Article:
The Significance of Prostacyclin in Hypertension
The cause of spontaneous hypertension in the rat is still not conclusively explained. In addition to the increased activities of vasopressor hormones, a reduced activity of vasodepressor factors has also been proposed as causal. Among the prostaglandins with a vasodepressor effect, prostacyclin, as the main vascular prostaglandin, probably plays the leading part in blood pressure regulation. Whether it exerts its action locally on the vessel or also systemically in the circulation is still unclear. Locally, prostacyclin synthesis appears to be increased in spontaneously hypertensive rats. In vitro studies (Fig. 28) regularly showed increased aortic prostacyclin formation in the spontaneously hypertensive animals compared with normotensive Wistar rats [20, 197, 204]. The formation of thromboxane A2 was also increased in these animals (Table 3) , so that the suspicion arises that the stimulation of prostacyclin may possibly be of a reactive nature to the change in thromboxane metabolism. In spontaneously hypertensive rats of the “stroke-prone” strain, aortic prostacyclin synthesis was equally increased in both subgroups, the “stroke-prone” and the “stroke-resistant” rats. A fall in aortic prostacyclin synthesis was observed in some rats of the “stroke-prone” strain only with the development of the actual stroke . This finding is possibly explained by the marked atherosclerotic vascular changes in these animals, for with increasing atherosclerosis of the vessels their rate of prostacyclin synthesis continuously declines [47, 95, 139].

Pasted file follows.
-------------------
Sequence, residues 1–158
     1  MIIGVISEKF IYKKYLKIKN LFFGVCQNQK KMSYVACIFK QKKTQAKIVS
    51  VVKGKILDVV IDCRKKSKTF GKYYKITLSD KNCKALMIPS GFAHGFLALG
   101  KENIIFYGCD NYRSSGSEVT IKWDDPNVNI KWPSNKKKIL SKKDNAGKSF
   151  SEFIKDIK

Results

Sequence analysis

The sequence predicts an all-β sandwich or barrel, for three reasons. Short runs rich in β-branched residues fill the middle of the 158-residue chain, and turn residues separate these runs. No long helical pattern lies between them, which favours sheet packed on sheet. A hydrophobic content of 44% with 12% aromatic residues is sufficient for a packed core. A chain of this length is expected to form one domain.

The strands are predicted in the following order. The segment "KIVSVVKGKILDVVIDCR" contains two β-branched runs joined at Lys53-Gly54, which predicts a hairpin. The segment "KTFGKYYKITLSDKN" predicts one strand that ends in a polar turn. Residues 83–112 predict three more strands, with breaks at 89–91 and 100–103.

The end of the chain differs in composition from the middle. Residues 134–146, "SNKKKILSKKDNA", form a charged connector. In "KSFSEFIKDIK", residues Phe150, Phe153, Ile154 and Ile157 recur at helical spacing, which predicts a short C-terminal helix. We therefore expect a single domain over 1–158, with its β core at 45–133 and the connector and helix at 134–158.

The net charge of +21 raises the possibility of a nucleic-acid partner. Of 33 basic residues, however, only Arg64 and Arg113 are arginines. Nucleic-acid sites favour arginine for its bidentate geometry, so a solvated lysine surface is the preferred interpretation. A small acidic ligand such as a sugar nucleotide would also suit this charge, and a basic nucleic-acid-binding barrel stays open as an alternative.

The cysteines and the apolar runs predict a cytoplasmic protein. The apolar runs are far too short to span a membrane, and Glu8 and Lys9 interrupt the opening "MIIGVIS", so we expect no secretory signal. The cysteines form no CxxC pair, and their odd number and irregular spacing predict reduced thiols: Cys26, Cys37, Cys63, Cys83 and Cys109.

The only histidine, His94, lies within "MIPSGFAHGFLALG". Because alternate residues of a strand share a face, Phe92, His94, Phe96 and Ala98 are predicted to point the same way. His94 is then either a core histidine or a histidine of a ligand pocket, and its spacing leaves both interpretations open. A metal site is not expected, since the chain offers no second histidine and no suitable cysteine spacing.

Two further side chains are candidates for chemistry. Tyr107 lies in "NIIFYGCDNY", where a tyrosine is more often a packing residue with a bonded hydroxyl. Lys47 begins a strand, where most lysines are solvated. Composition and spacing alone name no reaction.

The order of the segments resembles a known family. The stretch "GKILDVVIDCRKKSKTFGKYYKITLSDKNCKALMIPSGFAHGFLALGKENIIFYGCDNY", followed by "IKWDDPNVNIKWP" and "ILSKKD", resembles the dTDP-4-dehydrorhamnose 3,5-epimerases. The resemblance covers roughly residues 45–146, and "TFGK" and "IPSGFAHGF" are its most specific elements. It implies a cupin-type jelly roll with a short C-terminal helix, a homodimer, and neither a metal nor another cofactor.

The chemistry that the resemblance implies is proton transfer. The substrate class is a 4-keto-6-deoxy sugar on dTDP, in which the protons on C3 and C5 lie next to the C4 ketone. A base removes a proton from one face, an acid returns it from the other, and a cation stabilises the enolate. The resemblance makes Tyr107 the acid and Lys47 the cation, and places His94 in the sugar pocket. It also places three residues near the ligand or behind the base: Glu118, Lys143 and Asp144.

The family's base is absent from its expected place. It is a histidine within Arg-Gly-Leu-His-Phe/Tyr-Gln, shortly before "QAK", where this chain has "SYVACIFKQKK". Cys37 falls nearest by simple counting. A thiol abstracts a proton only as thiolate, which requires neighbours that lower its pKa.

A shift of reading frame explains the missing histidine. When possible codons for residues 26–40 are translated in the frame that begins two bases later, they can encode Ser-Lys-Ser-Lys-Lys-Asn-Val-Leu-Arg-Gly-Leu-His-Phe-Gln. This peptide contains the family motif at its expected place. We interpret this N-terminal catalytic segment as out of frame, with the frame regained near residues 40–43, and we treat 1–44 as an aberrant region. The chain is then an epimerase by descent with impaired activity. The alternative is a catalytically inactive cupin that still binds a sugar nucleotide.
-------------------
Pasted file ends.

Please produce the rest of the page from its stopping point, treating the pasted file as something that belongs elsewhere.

KeywordsRenovascular Hypertension Primary Hypertension Spontaneous Hypertension Prostacyclin Synthesis Thromboxane Synthetase
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